The right to demur for failure of the complaint to state a cause of action is not waived by answering, but may be taken by demurrer ore tenus, or the Supreme Court may take notice thereof ex mero motu.

11. Pleadings § 19c—

The requirement that a complaint be liberally construed upon demurrer does not permit the court to construe into it that which it does not contain.

12. Pleadings § 15—

A demurrer admits facts properly pleaded but not inferences or conclusions of law.

JOHNSON, J., dissents.

Appeal by the defendant from Bone, J., May Civil Term 1953. Beaufort.

Civil action to restrain the defendant permanently from engaging in unfair competition, in which a temporary restraining order was granted. The plaintiff’s complaint may be summarized as folloAvs:

1. Both plaintiff and defendant are North Carolina corporations — the principal office and place of business of the plaintiff is at Washington, Beaufort County, and that of the defendant in New Bern, Craven County.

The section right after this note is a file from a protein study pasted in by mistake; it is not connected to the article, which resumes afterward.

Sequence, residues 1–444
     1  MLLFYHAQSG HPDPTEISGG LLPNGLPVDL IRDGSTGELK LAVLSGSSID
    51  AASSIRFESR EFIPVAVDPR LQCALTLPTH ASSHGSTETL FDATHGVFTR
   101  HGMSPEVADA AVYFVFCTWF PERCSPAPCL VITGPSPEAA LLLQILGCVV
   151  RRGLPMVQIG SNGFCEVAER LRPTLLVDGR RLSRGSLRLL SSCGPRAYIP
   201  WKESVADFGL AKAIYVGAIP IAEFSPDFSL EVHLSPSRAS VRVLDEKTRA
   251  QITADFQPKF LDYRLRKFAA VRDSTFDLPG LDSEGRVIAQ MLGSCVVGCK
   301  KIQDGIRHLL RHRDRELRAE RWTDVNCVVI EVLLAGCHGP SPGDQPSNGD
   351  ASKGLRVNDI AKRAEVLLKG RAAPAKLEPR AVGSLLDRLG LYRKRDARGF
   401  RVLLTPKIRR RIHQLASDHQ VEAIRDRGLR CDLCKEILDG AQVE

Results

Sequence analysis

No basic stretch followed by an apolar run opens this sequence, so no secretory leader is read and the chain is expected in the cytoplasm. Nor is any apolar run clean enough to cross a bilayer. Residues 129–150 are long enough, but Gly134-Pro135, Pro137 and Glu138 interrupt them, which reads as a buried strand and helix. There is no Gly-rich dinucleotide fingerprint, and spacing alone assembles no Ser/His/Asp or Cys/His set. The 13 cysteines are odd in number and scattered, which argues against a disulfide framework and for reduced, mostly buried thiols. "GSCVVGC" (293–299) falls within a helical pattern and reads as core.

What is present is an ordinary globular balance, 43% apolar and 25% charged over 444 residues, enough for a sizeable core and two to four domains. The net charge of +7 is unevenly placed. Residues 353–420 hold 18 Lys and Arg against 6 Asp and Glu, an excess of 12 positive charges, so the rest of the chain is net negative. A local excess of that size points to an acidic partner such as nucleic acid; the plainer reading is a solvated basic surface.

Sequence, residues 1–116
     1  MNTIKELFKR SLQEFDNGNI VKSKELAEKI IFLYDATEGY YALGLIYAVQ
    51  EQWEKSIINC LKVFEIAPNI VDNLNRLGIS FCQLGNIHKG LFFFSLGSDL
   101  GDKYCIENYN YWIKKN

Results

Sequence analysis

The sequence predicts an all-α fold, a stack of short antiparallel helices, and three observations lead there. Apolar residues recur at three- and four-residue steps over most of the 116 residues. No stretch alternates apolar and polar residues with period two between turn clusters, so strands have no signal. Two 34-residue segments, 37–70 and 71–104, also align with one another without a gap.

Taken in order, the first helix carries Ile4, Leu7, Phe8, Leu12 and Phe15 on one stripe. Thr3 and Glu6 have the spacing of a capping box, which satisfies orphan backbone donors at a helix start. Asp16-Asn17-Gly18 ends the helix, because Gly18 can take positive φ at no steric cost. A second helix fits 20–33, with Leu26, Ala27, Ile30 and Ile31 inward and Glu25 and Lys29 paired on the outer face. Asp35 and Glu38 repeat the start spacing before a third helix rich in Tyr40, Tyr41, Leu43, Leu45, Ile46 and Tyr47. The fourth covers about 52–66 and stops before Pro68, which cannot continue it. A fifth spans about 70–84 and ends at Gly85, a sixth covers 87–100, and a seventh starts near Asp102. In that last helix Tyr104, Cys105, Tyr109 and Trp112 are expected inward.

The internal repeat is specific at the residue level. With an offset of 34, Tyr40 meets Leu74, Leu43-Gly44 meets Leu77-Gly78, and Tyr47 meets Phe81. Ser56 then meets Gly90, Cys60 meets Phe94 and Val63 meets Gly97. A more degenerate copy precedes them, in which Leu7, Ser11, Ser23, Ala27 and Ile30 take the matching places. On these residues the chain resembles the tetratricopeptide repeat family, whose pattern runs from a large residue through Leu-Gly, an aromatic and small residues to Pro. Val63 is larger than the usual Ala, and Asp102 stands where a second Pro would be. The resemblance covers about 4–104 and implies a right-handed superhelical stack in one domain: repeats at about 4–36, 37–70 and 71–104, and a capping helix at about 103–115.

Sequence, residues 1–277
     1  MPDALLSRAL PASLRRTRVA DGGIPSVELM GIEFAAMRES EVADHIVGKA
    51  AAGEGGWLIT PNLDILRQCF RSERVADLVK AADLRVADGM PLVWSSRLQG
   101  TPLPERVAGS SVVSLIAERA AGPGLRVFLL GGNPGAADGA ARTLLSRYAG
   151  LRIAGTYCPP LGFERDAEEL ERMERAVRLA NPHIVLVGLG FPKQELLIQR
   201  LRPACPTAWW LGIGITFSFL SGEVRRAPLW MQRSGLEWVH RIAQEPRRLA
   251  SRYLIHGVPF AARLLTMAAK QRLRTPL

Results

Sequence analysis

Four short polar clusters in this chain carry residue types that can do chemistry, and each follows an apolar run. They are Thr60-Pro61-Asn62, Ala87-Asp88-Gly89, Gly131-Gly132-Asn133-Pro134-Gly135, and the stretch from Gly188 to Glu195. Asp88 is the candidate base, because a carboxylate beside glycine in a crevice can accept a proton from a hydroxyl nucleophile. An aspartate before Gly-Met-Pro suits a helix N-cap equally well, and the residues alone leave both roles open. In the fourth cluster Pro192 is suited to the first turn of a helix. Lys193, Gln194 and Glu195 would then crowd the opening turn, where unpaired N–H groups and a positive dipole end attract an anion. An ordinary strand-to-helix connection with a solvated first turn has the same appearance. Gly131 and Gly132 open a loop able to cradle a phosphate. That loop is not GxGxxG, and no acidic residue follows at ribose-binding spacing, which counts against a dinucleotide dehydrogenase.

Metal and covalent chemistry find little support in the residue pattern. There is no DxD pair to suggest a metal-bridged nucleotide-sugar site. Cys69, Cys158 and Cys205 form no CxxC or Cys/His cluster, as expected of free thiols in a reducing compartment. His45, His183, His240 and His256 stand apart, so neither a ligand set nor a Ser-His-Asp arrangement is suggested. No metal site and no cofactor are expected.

2. About 31 July 1944, Maola Ice Cream Co., a partnership composed of W. E. Ellington, Jr., W. E. Duncan and Geo. W. Currin, pursuant to Chap. 80, Art. 1 G.S. registered in the Secretary of State’s office a trademark and design consisting of the word “Maola” and a distinctive label, a facsimile of which is hereto attached and made a part of the complaint. About 7 March 1947, the partnership for value assigned the trademark and design to plaintiff, which assignment has been filed in the Secretary of State’s office,, and plaintiff is now absolute owner thereof.

3. Plaintiff now and for many years has been manufacturing, distributing and selling ice cream products in various areas of Eastern North Carolina under its aforesaid name and trademark, to the exclusive use of which plaintiff is entitled.

4. Defendant now and for some time has been engaged in a similar business in various areas of Eastern North Carolina, and has wrongfully adopted as a part of its corporate name the trademark “Maola,” and is *319now, and bas been for some time, selling and distributing its products in containers or cartons upon which is printed or affixed a label or design bearing such close similarity to plaintiff’s registered trademark as to constitute an unlawful imitation and infringement of plaintiff’s rights. In addition defendant is displaying such trademark on its delivery trucks, on its stationery and its manufacturing building.

5. Plaintiff has never authorized the use by defendant of its trademark, and has made demand in writing that defendant cease using it, which the defendant has refused to do.

Wherefore, plaintiff prays the Court for a permanent injunction pursuant to G.S. 80-10 and for the recovery of a penalty of $200.00 under G.S. 80-11.